The course teaches students how to create and use mechanistic and spatially explicit models to study (bio)geochemical processes in the various compartments of the Earth’s hydrosphere including sediments, aquifers, rivers, lakes and oceans.|
By the end of the course, students will
The course will also help develop the following transferable skills:
- have a general understanding of concepts and methods needed to quantitatively describe (bio)geochemical reactions and transport processes in various compartments of the hydrosphere;
- be able to formulate models (conceptually and with mathematical equations) to describe transport and reactions in Earth's surface environments;
- be able to solve simple models analytically and more complex models numerically using appropriate modeling software (R, with relevant packages ReacTran & deSolve);
- be able to fit data with a model;
- be able to interpret the results of the models in the relevant context (e.g., geochemical processes in rivers, lakes, aquifers, sediments, oceans);
- be able to report the results in written and oral form.
- Ability to work in a team: Practical exercises and final projects will be done in teams of 3-4 students. Students will need to distribute the tasks, organize and execute the workflow, and share responsibility for presentation of the results.
- Written communication skills: Assignments and final projects will be presented as reports. Feedback will be given after each report, allowing students to improve.
- Verbal communication skills: Results of the final projects will also be presented orally, as a group effort. Students will receive feedback on the quality of their presentations.
- Analytical/quantitative skills: Throughout the course students will solve quantitative tasks using analytical and numerical methods. They will also interpret their results in the wider environmental context.
- Strong work ethic: Students will be required to follow fixed deadlines for delivering assignments and results of their final projects.
- Computer skills: Students will write their own code to solve models. This will develop their programming skills in the programming language R. Preparation of written reports and oral presentation will help them develop skills in programs used for word processing and slide shows.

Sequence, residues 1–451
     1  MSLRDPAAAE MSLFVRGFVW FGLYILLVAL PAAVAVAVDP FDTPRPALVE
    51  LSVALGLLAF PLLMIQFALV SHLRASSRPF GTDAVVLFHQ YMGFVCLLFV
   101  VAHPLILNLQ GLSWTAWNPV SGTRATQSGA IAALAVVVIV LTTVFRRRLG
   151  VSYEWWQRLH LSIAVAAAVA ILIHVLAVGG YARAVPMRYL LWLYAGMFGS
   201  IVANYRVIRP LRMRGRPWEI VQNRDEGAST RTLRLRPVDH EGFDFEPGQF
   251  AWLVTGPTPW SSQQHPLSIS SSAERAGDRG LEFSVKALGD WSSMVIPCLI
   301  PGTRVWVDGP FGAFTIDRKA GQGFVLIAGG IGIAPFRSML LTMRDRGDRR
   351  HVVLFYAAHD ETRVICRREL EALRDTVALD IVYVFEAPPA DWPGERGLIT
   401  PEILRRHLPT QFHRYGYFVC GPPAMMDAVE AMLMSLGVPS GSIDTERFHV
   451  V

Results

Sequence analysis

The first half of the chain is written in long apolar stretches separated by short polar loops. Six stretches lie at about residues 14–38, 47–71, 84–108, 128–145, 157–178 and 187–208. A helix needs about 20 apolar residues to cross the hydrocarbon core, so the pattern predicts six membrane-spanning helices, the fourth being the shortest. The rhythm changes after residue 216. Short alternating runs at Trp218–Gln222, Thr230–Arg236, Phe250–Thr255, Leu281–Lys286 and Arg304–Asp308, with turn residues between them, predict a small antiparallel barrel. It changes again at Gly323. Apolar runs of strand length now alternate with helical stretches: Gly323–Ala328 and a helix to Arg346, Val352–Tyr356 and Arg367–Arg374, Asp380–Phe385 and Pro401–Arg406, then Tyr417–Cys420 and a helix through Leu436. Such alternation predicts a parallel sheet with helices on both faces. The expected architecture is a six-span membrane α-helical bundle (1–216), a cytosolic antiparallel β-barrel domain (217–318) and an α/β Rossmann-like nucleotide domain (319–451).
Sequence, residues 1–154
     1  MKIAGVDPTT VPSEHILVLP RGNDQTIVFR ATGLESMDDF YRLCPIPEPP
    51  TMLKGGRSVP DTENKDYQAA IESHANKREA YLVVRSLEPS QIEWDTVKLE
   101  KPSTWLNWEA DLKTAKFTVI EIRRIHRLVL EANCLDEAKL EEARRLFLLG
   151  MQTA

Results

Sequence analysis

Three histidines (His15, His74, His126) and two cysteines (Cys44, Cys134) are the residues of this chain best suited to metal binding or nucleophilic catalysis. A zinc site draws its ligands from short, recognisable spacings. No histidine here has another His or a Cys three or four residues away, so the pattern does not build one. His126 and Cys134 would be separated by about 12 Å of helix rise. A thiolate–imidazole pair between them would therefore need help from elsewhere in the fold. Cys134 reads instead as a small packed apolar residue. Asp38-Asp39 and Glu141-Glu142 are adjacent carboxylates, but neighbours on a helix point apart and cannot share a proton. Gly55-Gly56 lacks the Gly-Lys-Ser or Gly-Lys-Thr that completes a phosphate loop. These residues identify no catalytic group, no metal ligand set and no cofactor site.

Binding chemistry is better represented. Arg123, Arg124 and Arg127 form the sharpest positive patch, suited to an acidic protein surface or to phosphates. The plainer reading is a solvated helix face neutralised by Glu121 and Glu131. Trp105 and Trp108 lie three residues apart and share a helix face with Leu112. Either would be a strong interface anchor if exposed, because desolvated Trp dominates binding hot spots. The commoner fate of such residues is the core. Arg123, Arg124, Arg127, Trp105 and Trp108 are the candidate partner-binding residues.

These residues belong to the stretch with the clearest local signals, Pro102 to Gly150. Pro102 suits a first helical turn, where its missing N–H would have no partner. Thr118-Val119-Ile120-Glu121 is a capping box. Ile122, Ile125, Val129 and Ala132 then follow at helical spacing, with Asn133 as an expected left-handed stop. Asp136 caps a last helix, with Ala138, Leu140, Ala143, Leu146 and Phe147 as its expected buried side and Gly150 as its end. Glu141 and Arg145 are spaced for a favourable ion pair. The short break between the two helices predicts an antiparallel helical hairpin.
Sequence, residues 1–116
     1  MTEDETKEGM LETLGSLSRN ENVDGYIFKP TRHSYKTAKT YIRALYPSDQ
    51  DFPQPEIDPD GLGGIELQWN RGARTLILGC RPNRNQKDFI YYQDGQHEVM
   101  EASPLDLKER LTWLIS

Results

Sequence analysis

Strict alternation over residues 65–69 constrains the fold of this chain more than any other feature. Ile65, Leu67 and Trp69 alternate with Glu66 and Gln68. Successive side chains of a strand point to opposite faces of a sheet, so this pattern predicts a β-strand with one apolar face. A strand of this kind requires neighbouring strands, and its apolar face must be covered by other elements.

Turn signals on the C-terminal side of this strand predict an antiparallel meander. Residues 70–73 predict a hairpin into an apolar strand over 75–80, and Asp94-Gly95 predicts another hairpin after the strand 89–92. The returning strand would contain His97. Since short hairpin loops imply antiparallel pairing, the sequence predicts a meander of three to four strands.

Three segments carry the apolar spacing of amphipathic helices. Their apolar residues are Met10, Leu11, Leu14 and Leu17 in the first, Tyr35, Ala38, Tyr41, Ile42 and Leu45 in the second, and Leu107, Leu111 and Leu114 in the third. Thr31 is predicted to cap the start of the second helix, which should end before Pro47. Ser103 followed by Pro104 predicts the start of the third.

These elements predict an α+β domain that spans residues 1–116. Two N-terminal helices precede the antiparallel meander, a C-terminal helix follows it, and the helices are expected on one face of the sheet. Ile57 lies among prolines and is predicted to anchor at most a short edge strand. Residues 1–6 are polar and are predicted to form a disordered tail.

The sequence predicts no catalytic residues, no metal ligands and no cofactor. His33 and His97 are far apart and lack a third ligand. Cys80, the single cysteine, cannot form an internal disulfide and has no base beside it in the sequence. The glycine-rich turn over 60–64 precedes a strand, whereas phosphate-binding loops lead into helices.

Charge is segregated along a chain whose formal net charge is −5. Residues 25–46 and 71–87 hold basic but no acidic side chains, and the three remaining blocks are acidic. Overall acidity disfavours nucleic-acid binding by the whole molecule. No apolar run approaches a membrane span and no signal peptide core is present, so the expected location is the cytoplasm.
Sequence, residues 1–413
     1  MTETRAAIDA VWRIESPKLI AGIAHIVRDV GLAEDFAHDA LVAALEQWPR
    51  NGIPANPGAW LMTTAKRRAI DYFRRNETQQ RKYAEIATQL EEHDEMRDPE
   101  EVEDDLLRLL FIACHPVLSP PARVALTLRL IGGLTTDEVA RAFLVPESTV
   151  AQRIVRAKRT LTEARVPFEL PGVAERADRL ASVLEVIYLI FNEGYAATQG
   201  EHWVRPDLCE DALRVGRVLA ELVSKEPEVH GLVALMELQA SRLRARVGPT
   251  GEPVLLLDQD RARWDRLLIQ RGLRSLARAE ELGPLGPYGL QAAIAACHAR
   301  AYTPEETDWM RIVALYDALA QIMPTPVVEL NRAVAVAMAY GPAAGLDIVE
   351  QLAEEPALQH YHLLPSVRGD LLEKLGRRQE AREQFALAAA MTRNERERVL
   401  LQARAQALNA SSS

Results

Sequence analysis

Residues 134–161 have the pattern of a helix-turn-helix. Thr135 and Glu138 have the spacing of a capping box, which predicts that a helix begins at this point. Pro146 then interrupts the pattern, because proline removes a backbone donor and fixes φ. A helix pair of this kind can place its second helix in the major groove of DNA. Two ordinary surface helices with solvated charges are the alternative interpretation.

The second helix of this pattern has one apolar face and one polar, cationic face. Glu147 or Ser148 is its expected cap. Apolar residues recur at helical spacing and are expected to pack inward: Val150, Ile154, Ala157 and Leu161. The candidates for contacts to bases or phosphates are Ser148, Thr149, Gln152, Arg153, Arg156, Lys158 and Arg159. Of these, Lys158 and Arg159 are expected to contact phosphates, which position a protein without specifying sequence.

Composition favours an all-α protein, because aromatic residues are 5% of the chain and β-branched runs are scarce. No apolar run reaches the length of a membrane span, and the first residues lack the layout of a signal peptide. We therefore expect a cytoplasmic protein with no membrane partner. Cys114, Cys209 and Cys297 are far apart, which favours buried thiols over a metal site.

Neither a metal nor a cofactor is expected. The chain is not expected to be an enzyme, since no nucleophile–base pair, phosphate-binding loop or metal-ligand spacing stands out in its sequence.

- Model formulation (from conceptual diagrams to differential equations)
- Introduction to R (focus on packages deSolve and ReacTran)
- Spatial components and parameterization
- Model solution (graphical vs. analytical vs. numerical methods)
- Stability and feedback analysis (graphical vs. algebraic approach)
- Regression analysis (fitting of data by a model)
- Case studies and applications: Biogoechemistry of rivers, lakes, aquifers, sediments, oceans
It is anticipated that students attending the course will have highly diverse levels of prior knowledge and experience in maths, programming and biogeochemistry, as well as diverse expectations from the course. The course can therefore be conducted at two levels, one aimed at students who want to use modeling as a way to improve their analytical skills, the other aimed at students who want to be more challanged and think about modeling as a possible direction of their future career. To facilitate this, students will be required to develop and maintain a degree of mutual understanding and co-operation.
|Je moet voldoen aan de volgende eisen|
- Toelatingsbeschikking voor de master toegekend
Voorkennis kan worden opgedaan met
|Basic knowledge of aquatic chemistry, linear algebra and differential calculus.|
|Aquatic and environmental chemistry (GEO4-1439), Lineaire algebra en vector analyse (GEO2-1201), Kinetic Processes (GEO4-1426).||Verplicht materiaal|
|Soetaert, K. and P.M.J. Herman. A practical guide to ecological modeling. Using R as a simulation platform. Springer. 372p. ISBN: 978-1-4020-8623-6|
|Handouts provided during lectures and through Blackboard (uu.blackboard.com)|
BeoordelingTwo hand-in assignments, final project report, final project presentation, and final exam account, respectively, for 2x10%, 20%, 20% and 40% of the final grade.
To pass the course, grades for each of these tests must be 5 or higher, and the final grade must be 5.5 or higher.